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Legal Eaze: The Importance of Estate Planning


As we all know, questions concerning death and disability are sometimes difficult for many families to discuss. However, individuals must address these issues in advance to ensure that their family members are in a strong position to deal with illness and death.
While many people choose to ignore issues related to death and incompetence until it is too late, planning can ensure that an individual's wishes are properly carried out – while avoiding disputes and administrative and decision-making dilemmas – at a time when there is an illness or death in the family.
If an individual wishes to have any control over the final distribution of their assets upon death, those decisions should be expressed in a properly drafted will. Without a valid will, the V.I.'s law of intestacy provides a specific order of distribution. Consider this common example which illustrates several of the issues that can arise.
Assume John Doe, who was married to his second wife and had two children from a prior marriage, suffered an untimely death. If John did not have a valid will at the time of his death, V.I. law requires that his wife receive one-third of his probate assets (which include all assets except assets held jointly with right of survivorship and life insurance and retirement plans passing to named beneficiaries), and that his two young children split the remaining two-thirds equally.
How does this scenario potentially cause problems? First, John's wife is only entitled to one-third of John's inheritance, all of which may be necessary for the wife to live comfortably after John's untimely death. Moreover, John's current spouse and the children from the prior marriage will often disagree regarding the division and distribution of John's assets. Such disagreements often lead to a contested hearing before the Family Division of the Superior Court. These problems could have been easily avoided if John had properly drafted a will.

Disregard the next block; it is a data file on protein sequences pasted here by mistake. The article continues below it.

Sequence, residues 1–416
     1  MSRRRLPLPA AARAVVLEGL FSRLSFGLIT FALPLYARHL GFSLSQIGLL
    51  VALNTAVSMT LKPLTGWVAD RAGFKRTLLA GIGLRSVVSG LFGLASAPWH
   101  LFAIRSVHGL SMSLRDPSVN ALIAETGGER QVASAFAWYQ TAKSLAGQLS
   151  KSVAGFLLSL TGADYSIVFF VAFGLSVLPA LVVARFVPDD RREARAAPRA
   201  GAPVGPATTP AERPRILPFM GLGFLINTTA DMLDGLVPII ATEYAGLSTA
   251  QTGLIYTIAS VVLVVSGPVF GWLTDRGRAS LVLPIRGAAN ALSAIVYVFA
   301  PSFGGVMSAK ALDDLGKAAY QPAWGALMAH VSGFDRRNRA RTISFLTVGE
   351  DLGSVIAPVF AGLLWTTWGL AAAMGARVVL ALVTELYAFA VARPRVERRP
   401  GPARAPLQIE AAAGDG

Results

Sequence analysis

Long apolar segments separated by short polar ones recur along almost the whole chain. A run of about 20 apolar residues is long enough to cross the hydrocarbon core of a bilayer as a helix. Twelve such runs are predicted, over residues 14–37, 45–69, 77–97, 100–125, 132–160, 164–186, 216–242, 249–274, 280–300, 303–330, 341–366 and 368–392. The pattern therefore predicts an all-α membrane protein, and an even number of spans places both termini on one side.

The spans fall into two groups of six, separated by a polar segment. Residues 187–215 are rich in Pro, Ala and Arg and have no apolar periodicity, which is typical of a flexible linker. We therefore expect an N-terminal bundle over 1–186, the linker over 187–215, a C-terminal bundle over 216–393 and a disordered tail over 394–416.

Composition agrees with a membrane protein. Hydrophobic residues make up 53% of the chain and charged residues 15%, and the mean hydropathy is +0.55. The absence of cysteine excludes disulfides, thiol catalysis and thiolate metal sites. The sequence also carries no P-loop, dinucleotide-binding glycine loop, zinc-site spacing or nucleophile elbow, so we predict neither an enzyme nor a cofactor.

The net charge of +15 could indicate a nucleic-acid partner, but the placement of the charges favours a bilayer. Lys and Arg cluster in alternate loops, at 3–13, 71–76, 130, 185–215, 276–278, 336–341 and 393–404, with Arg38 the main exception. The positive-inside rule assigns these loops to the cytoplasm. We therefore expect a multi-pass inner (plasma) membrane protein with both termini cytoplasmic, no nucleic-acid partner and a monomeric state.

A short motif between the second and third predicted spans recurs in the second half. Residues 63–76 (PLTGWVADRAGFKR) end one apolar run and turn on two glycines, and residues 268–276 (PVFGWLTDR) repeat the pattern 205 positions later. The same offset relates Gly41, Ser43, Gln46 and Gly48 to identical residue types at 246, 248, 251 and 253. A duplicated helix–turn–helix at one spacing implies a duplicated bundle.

A question that should be addressed by parents is "Who will take care of minors if the parent or parents suffer an untimely death?" Without a properly drafted will, the Superior Court of the Virgin Islands, rather than the parents, will appoint a guardian to take care of any children and handle the assets passing to the children until they reach the age of 18. The Superior Court judge will make a decision based upon the testimony of other family members and friends, many of whom may have different thoughts regarding the best interests of the children. Additionally, the children will be able to receive their entire inheritance without any limitations when they reach the age of 18.
In addition to planning for death, families should also prepare for the possibility that a family member may become incapacitated, either physically or mentally. By executing a properly drafted Durable Power of Attorney, an individual can appoint the person they wish to handle their business and financial affairs in the event they are unable to do so at any time in the future. One can also appoint a person to make health care decisions on their behalf by executing a Health Care Power of Attorney. This document allows you to provide instructions to your appointed agent regarding basic health care decisions such as approval or disapproval of certain medical procedures and treatments, and more difficult decisions such as whether to consent to the donation of tissue and organs and at what point life-sustaining treatment should be removed. Additionally, an individual who wishes to relieve their family of the burden of making life-sustaining treatment decisions in the event of his incapacity should consider making those decisions in advance by executing a Living Will.
Good estate planning will give you control over your affairs while in good health, continued control over your affairs in the event of physical or mental incapacity, provisions for your dependents in the event of your death or incapacity, and provisions for the efficient distribution of your assets upon your death.
Editor's Note: Tom Bolt is managing attorney of Tom Bolt & Associates, P.C., a full-service business law firm based in St. Thomas that includes within its practice a concentration in real estate, trusts, tax and estate planning.
The materials in Legal Eaze are provided for informational purposes only. They do not constitute legal advice nor do they necessarily reflect the opinions of Tom Bolt & Associates, P.C. or any of its attorneys or clients. There is no implicit guarantee that this information is correct, complete or up to date. Copyright © 2006, Tom Bolt & Associates P.C. All rights reserved.


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